CVS To Require Identification For Purchasing Nail Polish

250px-Breaking_Bad_logo.svg250px-Nail_polish_dropFor those of us who are fans of the series of “Breaking Bad,” this is a story that may hold particularly interest given the lessons of Walter White on the production of his “blue ice.” CVS customers are being asked to produce identification before they buy nail polish because the product contains acetone and can be used to make methamphetamine. While store employees are quoted as blaming federal and state laws, there is no such requirement under federal or state law. Rather it is a company policy that strikes me as perfectly moronic even when the store is openly selling “Blue Ice Nail Polish.”

CVS says the rule is an attempt to curb the making of illegal methamphetamine:

“Because acetone is an ingredient used in the illegal manufacture of methamphetamine, we recently implemented a policy that a valid ID must be presented to purchase acetone-containing products such as nail polish remover. Our policy also limits the sale of these products in conjunction with other methamphetamine precursors and is based on various regulations requiring retailers to record sales of acetone.”
“Because acetone is an ingredient used in the illegal manufacture of methamphetamine, we recently implemented a policy . . .”

Here’s my question. How does this make a meaningful difference since there is no record kept of people buying nail polish. Most adults will simply flash their identification and buy the polish. As for kids, they are clearly able to buy nail polish through third parties and, if they are clever enough to manufacture Meth, I am pretty sure that they are clever enough to buy nail polish.

It is also not clear what CVS will do with a customer who buys beyond what is deemed a necessary amount of nail polish. If this were the standard, my daughter and her friends would appear the biggest meth dealers in her elementary school.

What they need is my favorite character and fellow attorney, Sam Goodman, to simply grab the kids at the CVS and use his signature line: “Look, let’s start with some tough love. You two suck at peddling meth. Period.”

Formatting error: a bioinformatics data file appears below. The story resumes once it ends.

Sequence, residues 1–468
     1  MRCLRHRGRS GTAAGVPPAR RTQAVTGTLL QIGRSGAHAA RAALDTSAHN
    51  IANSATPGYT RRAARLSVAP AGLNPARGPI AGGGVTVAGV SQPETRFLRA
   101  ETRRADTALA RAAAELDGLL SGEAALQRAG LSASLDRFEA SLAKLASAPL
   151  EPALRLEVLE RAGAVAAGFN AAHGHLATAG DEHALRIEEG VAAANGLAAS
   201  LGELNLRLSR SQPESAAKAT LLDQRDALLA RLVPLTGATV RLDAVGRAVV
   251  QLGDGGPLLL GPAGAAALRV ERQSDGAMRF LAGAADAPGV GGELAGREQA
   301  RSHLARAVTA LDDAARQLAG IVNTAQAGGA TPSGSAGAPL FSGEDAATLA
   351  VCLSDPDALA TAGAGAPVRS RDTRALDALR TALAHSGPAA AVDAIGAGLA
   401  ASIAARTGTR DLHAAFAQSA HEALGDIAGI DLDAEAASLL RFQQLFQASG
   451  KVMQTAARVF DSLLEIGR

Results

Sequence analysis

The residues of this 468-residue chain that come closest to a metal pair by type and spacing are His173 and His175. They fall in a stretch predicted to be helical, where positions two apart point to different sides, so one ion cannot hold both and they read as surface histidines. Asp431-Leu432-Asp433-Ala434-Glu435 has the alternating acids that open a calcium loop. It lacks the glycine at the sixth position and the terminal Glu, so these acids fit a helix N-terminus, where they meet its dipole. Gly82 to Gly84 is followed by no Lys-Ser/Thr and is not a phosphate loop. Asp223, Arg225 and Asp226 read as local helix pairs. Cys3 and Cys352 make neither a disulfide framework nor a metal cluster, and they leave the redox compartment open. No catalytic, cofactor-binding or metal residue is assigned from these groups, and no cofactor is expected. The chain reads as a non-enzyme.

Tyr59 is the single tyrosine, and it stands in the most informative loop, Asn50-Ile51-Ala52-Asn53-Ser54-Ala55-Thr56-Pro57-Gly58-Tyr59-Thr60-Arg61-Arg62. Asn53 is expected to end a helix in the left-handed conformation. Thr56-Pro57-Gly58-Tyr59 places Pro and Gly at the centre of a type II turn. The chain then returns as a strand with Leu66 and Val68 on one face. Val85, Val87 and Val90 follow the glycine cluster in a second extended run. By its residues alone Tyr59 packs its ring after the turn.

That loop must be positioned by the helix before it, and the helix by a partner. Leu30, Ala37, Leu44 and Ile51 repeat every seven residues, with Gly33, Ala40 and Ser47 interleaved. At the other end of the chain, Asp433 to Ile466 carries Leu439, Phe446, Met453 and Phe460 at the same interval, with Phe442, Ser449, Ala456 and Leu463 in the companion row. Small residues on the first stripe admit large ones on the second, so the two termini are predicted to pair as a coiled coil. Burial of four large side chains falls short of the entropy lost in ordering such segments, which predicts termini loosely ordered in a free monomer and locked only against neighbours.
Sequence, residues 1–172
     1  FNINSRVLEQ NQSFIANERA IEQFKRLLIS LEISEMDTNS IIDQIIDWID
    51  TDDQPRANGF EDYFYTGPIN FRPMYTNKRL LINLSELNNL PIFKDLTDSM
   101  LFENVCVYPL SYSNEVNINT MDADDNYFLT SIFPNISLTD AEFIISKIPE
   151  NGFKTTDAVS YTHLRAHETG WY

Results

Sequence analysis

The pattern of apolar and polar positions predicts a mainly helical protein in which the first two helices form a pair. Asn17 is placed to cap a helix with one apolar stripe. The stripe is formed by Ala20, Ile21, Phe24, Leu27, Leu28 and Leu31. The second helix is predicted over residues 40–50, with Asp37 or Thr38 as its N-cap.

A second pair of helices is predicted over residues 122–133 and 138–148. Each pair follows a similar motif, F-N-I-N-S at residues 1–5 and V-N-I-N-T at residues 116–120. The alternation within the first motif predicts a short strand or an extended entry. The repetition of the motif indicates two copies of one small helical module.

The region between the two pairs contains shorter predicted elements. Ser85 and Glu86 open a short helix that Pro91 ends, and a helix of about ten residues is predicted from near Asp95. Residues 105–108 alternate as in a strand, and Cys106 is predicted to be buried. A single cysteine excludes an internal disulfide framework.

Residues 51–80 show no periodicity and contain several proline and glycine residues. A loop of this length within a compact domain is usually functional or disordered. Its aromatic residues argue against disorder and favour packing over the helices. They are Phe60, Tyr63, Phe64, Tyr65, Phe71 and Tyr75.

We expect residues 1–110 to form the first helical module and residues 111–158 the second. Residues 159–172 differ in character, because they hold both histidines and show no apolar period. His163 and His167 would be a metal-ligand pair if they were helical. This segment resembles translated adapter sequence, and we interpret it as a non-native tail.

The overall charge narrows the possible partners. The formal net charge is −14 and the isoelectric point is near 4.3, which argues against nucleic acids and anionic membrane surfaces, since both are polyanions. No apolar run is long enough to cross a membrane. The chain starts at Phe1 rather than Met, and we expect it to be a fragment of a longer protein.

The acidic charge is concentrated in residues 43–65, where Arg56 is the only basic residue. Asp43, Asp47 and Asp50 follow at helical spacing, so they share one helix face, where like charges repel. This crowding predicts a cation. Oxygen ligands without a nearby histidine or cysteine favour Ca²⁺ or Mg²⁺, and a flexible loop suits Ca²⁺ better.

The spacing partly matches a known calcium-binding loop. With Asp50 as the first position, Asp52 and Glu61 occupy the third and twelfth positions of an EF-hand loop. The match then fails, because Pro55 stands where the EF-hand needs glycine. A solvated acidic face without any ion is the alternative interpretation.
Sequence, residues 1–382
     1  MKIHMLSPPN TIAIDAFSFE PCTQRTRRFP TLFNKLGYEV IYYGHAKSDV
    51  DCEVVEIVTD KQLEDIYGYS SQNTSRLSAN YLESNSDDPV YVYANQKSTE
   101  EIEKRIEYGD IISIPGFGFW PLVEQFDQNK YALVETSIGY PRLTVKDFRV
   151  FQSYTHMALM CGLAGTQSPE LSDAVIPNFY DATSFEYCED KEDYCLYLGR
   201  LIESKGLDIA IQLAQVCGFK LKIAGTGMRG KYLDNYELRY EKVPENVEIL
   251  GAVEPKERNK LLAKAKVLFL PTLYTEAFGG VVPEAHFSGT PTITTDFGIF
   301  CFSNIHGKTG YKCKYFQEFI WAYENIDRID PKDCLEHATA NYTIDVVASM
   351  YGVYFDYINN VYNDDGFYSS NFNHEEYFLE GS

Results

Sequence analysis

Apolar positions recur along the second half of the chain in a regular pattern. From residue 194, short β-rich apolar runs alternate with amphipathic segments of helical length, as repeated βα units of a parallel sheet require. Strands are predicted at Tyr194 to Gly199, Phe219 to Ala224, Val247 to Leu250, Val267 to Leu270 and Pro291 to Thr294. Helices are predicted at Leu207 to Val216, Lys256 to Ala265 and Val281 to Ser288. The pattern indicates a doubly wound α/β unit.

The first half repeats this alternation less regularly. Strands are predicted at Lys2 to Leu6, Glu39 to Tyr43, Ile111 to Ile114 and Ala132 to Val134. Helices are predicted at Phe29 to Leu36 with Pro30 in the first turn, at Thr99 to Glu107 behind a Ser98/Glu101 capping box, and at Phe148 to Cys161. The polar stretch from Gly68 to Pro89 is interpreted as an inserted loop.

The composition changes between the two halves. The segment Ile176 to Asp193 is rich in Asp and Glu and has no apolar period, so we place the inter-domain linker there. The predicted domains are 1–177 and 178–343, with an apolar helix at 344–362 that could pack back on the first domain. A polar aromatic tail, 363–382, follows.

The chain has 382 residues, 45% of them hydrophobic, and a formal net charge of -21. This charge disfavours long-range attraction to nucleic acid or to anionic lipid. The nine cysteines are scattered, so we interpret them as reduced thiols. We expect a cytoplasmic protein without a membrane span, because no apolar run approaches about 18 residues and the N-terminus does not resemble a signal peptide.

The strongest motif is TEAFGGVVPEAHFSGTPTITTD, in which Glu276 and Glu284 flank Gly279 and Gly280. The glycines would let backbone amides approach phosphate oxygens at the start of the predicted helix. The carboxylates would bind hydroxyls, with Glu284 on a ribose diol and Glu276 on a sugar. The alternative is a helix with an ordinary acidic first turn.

Besides, if CVS wants to deal with its Meth production problem, it may want to start carding those men buying “Blue Ice” . It is just an attractive nuisance for those middle aged Heisenberg wannabes.

30 thoughts on “CVS To Require Identification For Purchasing Nail Polish”

  1. I have a problem when I buy my over the counter decongestant here in Illinois. I have to sign a book and show my drivers license and I can only buy 10 at a time. I sure hope it is helping the cause of reducing meth labs. If not, they need to end the ban asap. If you can purchase acetone at hardware stores in bulk sizes, this ban seems stupid.

  2. Gene H.
    “Say my na . . . damn. Chipped a nail.”
    LOL 🙂


    Steve F: “Every hay fever season, as I stand in line to show my ID and fill out the (conveniently automated) forms for the Gestapo to get my decongestant, I find myself fuming.”
    Right, I just haaaaaate that.

  3. Nick,

    Scant minutes after pressing the submit button, I regretted my hasty choice of words, and I offer my apology.

    I do think I was shocked at least in part because the sentiment seemed so out of sorts with your usual stance. Every hay fever season, as I stand in line to show my ID and fill out the (conveniently automated) forms for the Gestapo to get my decongestant, I find myself fuming. My personal viewpoint is that we didn’t really save ourselves anything by putting the small producers out of business, since the negative effects are mostly a result of use, not manufacture. Put another way, if you close down the Baldwin Sisters’ production of Papa’s Recipe, you put production into the hands of the considerably more efficient and ruthless Capone and Moran mobs. That’s not a net benefit.

  4. Yep, treat every customer buying nail polish as a criminal and guess what, the pharmacy next door gets the business.

    I wonder if CVS is also willing to regulate other dangerous contraband such as lithium batteries, salt, drain cleaner, matches, coffee filters, glassware, coolers, and plastic pop bottles?

  5. This probably won’t make regular users of ephedrine feel any better, but if the government had it’s way, it would have been draconian.